This is the forth school he has been expelled from, though it was hardly any surprise he dosen’t dare tell his family. Instead of going to the game he visits his history teacher Mr. Spencer. The reason he was expelled was because he failed 4 out of 5 classes. has just been expelled from four of five classes at Pencey Prep. Mr. Spencer holds a lecture for Holden about the
Introduction: You are sitting at your desk, taking notes from a teacher, and learning about the Revolutionary war. All of a sudden, you are banned from school and ripped from your studies, all because you believed in Gandhi’s non-violent movements. This same case happened to the Tinker students in Des Moines, Iowa. In the year 1965, the time of the Vietnam war, a group of students came together and wore black armbands with a white peace sign embeded on the side. These armbands were banned by the principals and the school board, with the punishment of suspension until the student was willing to take the armband off.
The Little Rock School Desegregation Crisis: Moderation and Social Conflict Racism and equality seems to always been a problem in America. September 4, 1957 Arkansas governor failed the African American community by denying them entrance to Central High School. Governor Orval E. Faubus ordered Arkansas National Guard to surround the high school to keep it an all-white school. Guards standing at the entrances telling these nine african american student they could not enter because they are a different color.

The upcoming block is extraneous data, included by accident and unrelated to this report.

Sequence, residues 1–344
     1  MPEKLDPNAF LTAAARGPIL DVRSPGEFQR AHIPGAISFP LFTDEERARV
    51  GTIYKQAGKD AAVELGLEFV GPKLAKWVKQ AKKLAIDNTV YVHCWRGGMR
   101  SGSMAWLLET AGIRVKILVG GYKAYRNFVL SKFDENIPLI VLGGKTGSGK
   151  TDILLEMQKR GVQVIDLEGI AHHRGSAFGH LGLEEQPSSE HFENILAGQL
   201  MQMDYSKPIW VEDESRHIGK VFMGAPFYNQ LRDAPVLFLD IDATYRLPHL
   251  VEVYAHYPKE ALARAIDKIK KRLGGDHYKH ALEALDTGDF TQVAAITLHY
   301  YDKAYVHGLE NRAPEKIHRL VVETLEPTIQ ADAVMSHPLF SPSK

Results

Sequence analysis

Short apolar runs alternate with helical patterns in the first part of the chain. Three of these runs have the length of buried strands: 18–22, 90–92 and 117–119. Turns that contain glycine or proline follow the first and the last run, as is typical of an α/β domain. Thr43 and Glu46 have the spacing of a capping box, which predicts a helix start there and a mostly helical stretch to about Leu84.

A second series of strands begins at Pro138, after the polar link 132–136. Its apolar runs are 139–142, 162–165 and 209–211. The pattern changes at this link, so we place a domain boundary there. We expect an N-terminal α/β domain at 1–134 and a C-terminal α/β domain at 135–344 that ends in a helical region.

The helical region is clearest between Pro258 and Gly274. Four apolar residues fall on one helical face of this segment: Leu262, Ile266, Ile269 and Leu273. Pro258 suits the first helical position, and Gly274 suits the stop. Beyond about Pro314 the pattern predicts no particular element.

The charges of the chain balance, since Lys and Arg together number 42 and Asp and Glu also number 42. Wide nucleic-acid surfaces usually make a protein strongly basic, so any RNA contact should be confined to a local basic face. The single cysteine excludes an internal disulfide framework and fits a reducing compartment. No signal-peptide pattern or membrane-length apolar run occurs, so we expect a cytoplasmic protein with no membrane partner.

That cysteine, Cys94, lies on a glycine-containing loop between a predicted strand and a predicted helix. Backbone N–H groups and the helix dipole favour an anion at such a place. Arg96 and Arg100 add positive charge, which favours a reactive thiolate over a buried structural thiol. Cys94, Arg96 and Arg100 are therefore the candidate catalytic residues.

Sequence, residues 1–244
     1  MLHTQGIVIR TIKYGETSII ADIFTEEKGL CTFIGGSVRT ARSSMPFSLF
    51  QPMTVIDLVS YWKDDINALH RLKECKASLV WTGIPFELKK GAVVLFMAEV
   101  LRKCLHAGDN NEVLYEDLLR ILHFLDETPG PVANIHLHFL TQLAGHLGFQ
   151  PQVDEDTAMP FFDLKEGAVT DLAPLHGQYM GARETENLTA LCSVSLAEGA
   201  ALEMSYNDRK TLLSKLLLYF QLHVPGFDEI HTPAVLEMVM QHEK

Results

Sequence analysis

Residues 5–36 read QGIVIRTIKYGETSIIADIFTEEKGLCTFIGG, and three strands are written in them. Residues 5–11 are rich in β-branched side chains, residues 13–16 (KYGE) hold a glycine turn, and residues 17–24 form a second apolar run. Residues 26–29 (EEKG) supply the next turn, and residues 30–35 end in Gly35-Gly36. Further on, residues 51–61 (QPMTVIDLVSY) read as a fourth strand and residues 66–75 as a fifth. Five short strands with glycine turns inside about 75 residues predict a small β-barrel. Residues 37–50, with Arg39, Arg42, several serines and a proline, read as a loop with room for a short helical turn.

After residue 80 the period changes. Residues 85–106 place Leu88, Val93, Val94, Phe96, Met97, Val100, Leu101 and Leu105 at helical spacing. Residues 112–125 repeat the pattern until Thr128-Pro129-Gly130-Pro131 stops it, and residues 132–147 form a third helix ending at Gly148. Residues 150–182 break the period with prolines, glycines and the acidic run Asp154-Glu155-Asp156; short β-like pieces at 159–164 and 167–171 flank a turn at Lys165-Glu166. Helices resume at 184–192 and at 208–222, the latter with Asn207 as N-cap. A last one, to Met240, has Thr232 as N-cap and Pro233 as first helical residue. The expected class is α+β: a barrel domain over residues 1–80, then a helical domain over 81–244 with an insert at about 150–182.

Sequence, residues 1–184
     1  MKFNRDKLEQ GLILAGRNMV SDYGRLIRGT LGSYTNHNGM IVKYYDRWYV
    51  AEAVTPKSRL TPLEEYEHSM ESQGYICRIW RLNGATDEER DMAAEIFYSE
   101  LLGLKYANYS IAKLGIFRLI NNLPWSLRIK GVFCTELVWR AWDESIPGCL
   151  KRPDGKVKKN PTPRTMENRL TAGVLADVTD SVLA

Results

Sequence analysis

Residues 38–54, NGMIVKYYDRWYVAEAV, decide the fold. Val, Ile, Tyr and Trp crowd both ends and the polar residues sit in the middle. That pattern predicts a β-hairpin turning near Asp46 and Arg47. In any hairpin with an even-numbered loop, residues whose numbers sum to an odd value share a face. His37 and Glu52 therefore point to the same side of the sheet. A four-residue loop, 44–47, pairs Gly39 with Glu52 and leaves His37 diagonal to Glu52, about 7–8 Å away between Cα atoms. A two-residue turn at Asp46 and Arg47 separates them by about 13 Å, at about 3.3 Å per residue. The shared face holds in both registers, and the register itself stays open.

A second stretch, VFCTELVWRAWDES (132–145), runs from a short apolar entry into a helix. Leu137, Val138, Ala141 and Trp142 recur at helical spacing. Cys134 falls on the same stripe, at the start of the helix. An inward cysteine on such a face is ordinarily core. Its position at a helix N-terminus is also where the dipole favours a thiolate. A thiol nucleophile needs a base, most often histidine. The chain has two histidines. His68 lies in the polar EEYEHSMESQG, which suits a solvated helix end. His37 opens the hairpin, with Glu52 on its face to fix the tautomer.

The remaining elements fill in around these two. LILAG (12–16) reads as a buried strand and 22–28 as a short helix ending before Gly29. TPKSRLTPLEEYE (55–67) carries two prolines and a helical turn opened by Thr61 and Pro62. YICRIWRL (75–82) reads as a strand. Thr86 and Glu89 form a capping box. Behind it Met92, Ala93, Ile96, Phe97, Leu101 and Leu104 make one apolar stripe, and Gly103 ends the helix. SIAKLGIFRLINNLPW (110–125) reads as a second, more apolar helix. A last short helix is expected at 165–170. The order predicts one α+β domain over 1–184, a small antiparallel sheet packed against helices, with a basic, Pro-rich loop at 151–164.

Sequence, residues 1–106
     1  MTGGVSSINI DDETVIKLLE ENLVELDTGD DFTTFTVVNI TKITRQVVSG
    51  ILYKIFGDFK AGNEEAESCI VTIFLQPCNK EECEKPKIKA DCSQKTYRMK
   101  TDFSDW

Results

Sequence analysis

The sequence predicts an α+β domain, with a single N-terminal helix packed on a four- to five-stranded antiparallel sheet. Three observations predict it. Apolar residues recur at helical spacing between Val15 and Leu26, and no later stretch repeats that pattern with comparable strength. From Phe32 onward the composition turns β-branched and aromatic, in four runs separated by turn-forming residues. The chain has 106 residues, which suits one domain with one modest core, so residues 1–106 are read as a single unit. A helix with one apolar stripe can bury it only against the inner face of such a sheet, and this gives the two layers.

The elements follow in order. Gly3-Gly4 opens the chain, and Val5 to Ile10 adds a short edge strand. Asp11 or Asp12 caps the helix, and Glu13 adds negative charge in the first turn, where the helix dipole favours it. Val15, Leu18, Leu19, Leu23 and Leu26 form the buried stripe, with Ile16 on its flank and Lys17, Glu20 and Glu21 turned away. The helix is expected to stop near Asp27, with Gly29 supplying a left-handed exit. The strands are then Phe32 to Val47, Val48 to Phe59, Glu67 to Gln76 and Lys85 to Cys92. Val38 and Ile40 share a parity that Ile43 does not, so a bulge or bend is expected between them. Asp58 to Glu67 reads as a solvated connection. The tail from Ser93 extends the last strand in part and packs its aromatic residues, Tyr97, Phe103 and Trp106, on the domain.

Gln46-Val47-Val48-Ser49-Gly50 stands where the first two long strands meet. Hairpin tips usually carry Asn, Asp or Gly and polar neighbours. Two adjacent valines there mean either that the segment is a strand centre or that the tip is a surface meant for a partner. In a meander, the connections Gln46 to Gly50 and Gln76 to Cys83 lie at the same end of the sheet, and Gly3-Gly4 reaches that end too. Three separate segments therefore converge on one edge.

There have been several protests on college campuses in recent weeks. The students are making several demands ranging from the forced resignations of staff, free education, racial equality, and even the call for the campus police to no longer be allowed to wear body armor. Recently there is a movement called #studentblackout that is sweeping across college. At Princeton University, a large group of protestors went into the President 's office and refused to leave until their demands have been met. They are trying to force the President to sign their demands forcing the college to acknowledge the racist legacy of Woodrow Wilson.
The Rolling Stone has an article called, “Berkeley Riots: How Free Speech Debate Launched Violent Campus Showdown,” in which Matt Saincome discussed the riot at the University of California Berkeley. According to Saincome (2017), the school was sent into a lockdown due to the struggle of trying to compromise on values over the right to voice our own opinion. Berkeley College Republicans invited Milo Yiannopoulos to speak on campus, but over 100 faculty members signed letters to protest against his visit to the campus. The protests were originally intended to be peaceful, but turned violent. Windows were smashed and fires were lit in an attempt to prevent Yiannopoulos from delivering his speech.